Malaysian forestry policy unites all states in forestry conservation efforts

Tan Sri Muhyiddin Yassin speaks at the Malaysian Forestry Policy Launching Ceremony in a conjunction with the 2021 National International Forest Day Celebration at the Kepong Botanical Garden, Forest Research Institute Malaysia (FRIM) today. Photo Bernama

KUALA LUMPUR: Tan Sri Muhyiddin Yassin said the Malaysian Forestry Policy launched today will witness all states coming together on the country’s forest which is now 120 years old.

The Prime Minister said all states have agreed to adopt the policy which outlined a clear direction for the forestry sector in facing new challenges at domestic and international levels at the 78th National Land Council (MTN) meeting held on Jan 29.

“I would like to emphasise that the Malaysian Forestry Policy is our shared policy. We must all act and play a more active role as conservation agents and drivers of the country’s socio-economic development.

“I hope that the joint efforts of the federal and state governments in implementing the five objectives of the Malaysian Forestry Policy will continue to be strong, to achieve the desired targets,” he said.

He said this in his speech before launching the Malaysian Forestry Policy in conjunction with the 2021 National level International Day of Forests here today.

Also present was the Minister of Energy and Natural Resources Datuk Seri Dr Shamsul Anuar Nasarah, with the virtual attendance of menteris besar and chief ministers.

Muhyiddin also admitted that in order to achieve the goal of becoming a developed country, development is inevitable, but in this case, he stressed that the government is very serious in managing forests responsibly and sustainably in implementing conservation programmes.

“As a responsible and caring government, various efforts were taken to fulfill the commitment pledged during the Earth Summit in 1992 in Rio de Janeiro, Brazil by mainstreaming biodiversity management in national development.

“Of the total forested areas in Malaysia, only 1.7 per cent are degraded forest areas. Since 2016, a total of 1,859 hectares of degraded areas have been reforested with an allocation of RM152.82 million,” he said.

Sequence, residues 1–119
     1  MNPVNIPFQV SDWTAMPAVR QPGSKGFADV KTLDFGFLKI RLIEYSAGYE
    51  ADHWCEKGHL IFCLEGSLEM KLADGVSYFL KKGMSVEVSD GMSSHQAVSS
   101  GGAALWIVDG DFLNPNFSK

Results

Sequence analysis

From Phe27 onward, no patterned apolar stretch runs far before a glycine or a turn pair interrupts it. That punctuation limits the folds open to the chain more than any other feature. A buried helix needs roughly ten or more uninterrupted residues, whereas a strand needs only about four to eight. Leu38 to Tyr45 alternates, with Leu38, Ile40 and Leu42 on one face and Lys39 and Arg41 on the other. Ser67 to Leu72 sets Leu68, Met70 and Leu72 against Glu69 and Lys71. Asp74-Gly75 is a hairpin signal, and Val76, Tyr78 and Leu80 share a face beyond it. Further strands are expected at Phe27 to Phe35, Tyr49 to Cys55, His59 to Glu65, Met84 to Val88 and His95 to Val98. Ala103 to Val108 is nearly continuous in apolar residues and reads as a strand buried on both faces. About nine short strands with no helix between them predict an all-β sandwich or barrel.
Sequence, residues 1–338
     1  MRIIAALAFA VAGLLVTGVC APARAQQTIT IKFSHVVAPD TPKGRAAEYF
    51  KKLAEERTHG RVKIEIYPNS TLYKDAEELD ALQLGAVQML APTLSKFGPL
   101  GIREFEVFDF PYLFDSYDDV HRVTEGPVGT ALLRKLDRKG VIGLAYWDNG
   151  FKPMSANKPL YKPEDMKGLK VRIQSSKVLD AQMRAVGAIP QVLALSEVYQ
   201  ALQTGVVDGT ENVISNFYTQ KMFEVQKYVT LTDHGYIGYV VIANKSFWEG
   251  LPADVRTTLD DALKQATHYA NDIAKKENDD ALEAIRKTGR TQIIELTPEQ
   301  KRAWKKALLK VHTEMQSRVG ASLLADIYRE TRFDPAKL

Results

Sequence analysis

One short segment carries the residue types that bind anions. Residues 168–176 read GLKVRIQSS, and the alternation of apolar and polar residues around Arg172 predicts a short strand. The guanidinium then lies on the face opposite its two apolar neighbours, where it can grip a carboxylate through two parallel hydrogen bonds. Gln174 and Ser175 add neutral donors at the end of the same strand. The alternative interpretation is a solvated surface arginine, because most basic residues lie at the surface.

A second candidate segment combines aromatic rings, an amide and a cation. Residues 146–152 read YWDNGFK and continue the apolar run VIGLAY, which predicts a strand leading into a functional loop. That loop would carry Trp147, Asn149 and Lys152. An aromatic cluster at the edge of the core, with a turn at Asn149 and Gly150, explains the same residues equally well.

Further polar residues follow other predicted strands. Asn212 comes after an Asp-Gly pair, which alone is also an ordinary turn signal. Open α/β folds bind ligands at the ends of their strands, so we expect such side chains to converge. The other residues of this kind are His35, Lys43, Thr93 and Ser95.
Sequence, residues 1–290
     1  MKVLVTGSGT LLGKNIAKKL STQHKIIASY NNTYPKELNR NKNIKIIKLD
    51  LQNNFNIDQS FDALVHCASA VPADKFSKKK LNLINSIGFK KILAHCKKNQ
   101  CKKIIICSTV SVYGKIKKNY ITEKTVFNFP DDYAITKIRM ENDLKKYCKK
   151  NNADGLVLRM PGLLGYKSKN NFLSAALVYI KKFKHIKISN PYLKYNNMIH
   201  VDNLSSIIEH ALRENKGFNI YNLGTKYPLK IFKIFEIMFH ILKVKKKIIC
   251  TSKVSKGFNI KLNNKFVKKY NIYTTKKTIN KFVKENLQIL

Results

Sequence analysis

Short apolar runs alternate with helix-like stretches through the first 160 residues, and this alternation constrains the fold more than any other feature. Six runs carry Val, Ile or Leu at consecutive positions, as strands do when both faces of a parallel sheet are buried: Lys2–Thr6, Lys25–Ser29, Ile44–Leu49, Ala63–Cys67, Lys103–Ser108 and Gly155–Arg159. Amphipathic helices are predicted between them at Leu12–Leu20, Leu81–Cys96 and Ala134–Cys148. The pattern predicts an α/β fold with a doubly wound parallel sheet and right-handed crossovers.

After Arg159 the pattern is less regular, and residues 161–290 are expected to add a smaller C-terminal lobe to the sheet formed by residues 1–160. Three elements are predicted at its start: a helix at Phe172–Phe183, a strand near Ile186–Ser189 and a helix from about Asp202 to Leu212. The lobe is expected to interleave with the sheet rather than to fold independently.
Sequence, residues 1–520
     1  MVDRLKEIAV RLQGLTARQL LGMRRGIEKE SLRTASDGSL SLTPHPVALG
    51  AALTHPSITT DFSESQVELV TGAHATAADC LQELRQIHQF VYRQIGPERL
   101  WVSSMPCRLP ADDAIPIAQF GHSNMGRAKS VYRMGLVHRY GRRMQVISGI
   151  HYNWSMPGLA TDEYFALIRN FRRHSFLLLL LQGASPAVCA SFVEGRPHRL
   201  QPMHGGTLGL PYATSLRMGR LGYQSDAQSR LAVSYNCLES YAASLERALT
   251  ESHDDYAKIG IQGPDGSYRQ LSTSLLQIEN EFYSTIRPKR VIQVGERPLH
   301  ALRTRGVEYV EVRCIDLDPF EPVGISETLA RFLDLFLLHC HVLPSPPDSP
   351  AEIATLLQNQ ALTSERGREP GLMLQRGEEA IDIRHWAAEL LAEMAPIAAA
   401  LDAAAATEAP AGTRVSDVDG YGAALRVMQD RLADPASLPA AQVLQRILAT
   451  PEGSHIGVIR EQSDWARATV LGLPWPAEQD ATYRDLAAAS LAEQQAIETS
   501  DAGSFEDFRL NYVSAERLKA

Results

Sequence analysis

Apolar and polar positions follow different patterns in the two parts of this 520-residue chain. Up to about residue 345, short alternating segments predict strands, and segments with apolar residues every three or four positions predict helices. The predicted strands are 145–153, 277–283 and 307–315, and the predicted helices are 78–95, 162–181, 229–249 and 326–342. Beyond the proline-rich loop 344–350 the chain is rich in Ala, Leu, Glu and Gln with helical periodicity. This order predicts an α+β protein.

The Prime Minister said the cost of maintaining and preserving the country’s forest areas which cover 55.3 per cent or 18.27 million hectares of the country’s land area is enormous and about RM6 billion is needed for the purpose.

He said towards this direction, various special financial instruments were created including the National Conservation Trust Fund for Natural Resources, Forest Development Trust Fund under the state governments in Peninsular Malaysia and the latest, the Malaysia Forest Fund (MFF) which was established last year.

Muhyiddin said through MFF, the country is expected to receive $100 million (RM400 million) in the next seven years which would be channelled to state governments for the conservation of forest including social forest to raise the socio-economic standard of Orang Asli and the local communities.

As a record, he said based on the Food and Agriculture Organisation (FAO) report, Malaysia is among 25 developing countries which have high forest cover and low deforestation activities.

The Prime Minister also expressed his appreciation of the commitment of state governments in gazetting sensitive environmental areas as permanent forest reserve, protected areas, Wildlife Reserve and areas of international interest.

At the same time, he also called on state governments to step up efforts to gazette and maintain forest areas as Central Forest Spine (CFS) and Heart of Borneo (HOB).

“The Fourth National Physical Plan (RFN4) which is being finalised is also placing emphasis on CFS to ensure the continuity of forest landscape through the setting up of new ecological corridor.

“This approach is capable of reducing the conflict between humans and wildlife as well as to enable the free movement of wildlife especially national iconic species which are facing extinction,” he said.

On threatened species, Muhyiddin called on state governments to gazette the habitat areas of Malayan Tigers as permanent forest reserve or wildlife reserve in their respective states.

He expressed his concerns that if extraordinary actions were not taken now, the country is bound to lose its iconic species such as the Malayan Tiger forever.

Earlier, Muhyiddin also planted a Resak tree or scientifically called Vatica Yeechongii which is named after the late Chan Yee Chong (1946-2013), a forest tree identification expert as a symbol of launching the policy and the national level International Day of Forests 2021. – Bernama